Ten maltreated lions that were kept in tiny enclosures with little space to move around have been rescued from a farm where they were bred to be killed by hunters.
Photos and videos taken by a German NGO called [email protected] e.V show a pack of lions being held captive in tiny rooms and enclosures at a South African farm.
According to the rescue organization that specializes in anti-poaching and wildlife rescue, they have worked tirelessly for months to secure the necessary documentation and prepare for the rescue mission that saw ten lions freed from horrible conditions.
As [email protected] e.V explained, their team traveled over 3,000 miles to rescue the lions that were bred to be shot by hunters for sport after starting their mission back in 2019.
“In November 2019, our team reached South Africa to rescue lions from one of these farms. The team was overwhelmed seeing 10 lions kept in a totally secluded and closed shed with no light or grass,” they explained.
“We had to fight hard for the lives of these lions. But dedication and passion made this work successful.”
After arriving at the farm, the team tranquilized the animals, which reportedly appeared stressed due to lack of free movement and sunlight, before transporting them to a sanctuary where “they will learn to be lions again.”
“We worked non-stop to move the lions to the transport trailer, which we drove back to the sanctuary,” the rescuers said as they confirmed the lions will now live out the rest of their lives surrounded by nature.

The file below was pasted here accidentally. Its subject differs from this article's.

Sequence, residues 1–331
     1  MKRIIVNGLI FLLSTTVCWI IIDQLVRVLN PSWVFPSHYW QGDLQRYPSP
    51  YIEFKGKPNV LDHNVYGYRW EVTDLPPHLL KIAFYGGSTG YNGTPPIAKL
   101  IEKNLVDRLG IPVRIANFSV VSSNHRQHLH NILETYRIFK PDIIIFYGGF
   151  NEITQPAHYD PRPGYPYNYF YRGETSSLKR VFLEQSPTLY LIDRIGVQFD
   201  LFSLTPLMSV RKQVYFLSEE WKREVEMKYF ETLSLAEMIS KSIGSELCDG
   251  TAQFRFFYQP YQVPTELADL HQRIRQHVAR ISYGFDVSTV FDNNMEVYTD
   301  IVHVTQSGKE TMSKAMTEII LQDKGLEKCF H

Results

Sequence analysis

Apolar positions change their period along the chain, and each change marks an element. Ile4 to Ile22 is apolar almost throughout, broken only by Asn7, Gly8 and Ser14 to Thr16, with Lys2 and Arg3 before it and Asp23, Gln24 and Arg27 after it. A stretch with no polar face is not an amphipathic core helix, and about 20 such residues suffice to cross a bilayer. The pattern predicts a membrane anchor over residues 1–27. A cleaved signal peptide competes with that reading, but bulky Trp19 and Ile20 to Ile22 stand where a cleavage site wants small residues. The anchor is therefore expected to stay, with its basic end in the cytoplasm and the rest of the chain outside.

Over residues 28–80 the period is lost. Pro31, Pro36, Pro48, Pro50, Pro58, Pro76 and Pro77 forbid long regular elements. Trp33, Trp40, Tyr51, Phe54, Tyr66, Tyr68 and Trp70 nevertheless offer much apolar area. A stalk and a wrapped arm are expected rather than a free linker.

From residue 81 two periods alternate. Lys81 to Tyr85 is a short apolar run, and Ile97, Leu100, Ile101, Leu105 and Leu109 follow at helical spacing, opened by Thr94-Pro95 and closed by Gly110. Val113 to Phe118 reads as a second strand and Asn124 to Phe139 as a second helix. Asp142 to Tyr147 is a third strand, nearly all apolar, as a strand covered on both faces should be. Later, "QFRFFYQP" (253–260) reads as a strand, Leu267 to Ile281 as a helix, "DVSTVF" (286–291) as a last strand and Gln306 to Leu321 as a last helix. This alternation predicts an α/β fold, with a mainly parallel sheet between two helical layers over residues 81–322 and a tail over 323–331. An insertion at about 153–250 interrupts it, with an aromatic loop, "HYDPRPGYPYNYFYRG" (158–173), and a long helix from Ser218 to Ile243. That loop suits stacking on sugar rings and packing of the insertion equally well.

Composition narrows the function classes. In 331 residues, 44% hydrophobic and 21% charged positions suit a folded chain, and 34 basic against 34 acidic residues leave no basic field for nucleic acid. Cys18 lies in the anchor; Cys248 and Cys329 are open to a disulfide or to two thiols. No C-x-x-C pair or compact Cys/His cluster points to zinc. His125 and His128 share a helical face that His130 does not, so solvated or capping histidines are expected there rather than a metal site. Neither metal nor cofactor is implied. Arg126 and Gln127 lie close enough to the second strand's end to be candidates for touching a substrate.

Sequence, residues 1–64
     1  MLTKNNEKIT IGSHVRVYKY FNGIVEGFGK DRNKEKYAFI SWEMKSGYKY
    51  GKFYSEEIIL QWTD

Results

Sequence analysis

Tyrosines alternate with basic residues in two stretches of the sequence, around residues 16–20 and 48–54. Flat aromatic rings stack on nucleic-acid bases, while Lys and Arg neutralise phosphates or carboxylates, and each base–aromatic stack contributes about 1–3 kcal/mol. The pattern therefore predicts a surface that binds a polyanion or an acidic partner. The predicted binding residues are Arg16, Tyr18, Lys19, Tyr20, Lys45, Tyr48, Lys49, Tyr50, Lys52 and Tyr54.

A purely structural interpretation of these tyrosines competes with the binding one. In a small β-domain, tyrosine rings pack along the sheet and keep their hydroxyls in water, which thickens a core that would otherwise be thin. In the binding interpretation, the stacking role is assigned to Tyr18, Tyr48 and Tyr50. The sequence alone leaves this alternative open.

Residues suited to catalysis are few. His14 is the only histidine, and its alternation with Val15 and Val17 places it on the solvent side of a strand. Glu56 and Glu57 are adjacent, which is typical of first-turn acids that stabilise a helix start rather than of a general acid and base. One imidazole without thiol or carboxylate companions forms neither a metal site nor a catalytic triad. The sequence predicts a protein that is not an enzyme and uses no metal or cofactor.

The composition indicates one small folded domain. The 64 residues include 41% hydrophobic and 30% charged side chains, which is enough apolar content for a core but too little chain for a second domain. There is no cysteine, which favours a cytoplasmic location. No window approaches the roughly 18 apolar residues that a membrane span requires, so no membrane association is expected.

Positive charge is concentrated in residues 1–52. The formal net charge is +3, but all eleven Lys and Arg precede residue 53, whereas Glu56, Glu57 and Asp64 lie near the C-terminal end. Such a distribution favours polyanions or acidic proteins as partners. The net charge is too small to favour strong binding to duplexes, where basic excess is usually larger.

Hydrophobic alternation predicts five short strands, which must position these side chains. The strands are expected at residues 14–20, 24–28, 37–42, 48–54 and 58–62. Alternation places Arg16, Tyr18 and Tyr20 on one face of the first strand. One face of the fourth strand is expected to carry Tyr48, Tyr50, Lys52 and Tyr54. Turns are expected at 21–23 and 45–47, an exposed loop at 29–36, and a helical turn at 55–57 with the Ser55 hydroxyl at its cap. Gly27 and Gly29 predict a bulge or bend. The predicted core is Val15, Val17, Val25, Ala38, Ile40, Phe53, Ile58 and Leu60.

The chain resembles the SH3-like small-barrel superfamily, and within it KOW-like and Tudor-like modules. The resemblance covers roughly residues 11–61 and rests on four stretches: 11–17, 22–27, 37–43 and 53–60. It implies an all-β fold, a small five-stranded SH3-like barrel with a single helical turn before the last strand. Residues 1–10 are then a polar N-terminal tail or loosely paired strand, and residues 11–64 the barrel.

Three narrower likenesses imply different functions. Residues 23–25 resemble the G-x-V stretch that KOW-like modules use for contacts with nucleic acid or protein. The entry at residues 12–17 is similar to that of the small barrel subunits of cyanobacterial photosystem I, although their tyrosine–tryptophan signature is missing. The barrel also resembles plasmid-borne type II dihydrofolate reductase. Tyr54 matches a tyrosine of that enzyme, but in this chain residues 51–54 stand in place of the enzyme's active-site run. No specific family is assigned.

Speaking of the growing business involving the breeding of lions with the purpose of letting them get shot by hunters, the NGO said:
“A canned hunt is a trophy hunt which is not ‘fair chase’; it has been made too easy for the hunter. Some examples of this include animals who have been kept in a confined area, such as in a fenced-in area, increasing the likelihood of the hunter obtaining a kill.
“In most cases, the lions are kept in tiny enclosures, are confined to horrible places, with limited or no food and extreme stress and with no hygienic and veterinary care.
“A ‘hunter’ can then choose the lions he wants to kill and conduct the killings in the easiest of ways, even just by sitting in their vehicle. Animals do not stand any chance. Such facilities even put male lions in small enclosures for them to fight each other, so the lions end up with scars on their faces.”
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